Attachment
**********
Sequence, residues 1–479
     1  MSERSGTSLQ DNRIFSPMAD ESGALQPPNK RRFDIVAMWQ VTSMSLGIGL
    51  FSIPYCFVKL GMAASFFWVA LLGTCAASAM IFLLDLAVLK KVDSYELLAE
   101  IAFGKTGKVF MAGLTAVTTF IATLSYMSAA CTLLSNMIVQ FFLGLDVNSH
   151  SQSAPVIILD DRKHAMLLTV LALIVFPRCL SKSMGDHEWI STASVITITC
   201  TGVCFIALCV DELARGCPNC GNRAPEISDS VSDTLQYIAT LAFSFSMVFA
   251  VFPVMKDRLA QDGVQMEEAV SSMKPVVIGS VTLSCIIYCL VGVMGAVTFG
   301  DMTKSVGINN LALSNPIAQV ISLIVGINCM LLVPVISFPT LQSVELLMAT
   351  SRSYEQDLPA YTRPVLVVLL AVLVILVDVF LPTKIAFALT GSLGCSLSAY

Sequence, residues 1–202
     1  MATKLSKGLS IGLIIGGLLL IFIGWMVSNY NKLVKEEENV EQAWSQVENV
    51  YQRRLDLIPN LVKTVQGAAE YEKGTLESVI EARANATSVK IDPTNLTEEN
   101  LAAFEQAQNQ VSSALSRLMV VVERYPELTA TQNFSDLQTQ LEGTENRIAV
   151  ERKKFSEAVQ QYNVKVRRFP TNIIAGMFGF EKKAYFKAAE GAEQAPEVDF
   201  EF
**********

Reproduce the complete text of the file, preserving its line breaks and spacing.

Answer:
Sequence, residues 1–479
     1  MSERSGTSLQ DNRIFSPMAD ESGALQPPNK RRFDIVAMWQ VTSMSLGIGL
    51  FSIPYCFVKL GMAASFFWVA LLGTCAASAM IFLLDLAVLK KVDSYELLAE
   101  IAFGKTGKVF MAGLTAVTTF IATLSYMSAA CTLLSNMIVQ FFLGLDVNSH
   151  SQSAPVIILD DRKHAMLLTV LALIVFPRCL SKSMGDHEWI STASVITITC
   201  TGVCFIALCV DELARGCPNC GNRAPEISDS VSDTLQYIAT LAFSFSMVFA
   251  VFPVMKDRLA QDGVQMEEAV SSMKPVVIGS VTLSCIIYCL VGVMGAVTFG
   301  DMTKSVGINN LALSNPIAQV ISLIVGINCM LLVPVISFPT LQSVELLMAT
   351  SRSYEQDLPA YTRPVLVVLL AVLVILVDVF LPTKIAFALT GSLGCSLSAY

Sequence, residues 1–202
     1  MATKLSKGLS IGLIIGGLLL IFIGWMVSNY NKLVKEEENV EQAWSQVENV
    51  YQRRLDLIPN LVKTVQGAAE YEKGTLESVI EARANATSVK IDPTNLTEEN
   101  LAAFEQAQNQ VSSALSRLMV VVERYPELTA TQNFSDLQTQ LEGTENRIAV
   151  ERKKFSEAVQ QYNVKVRRFP TNIIAGMFGF EKKAYFKAAE GAEQAPEVDF
   201  EF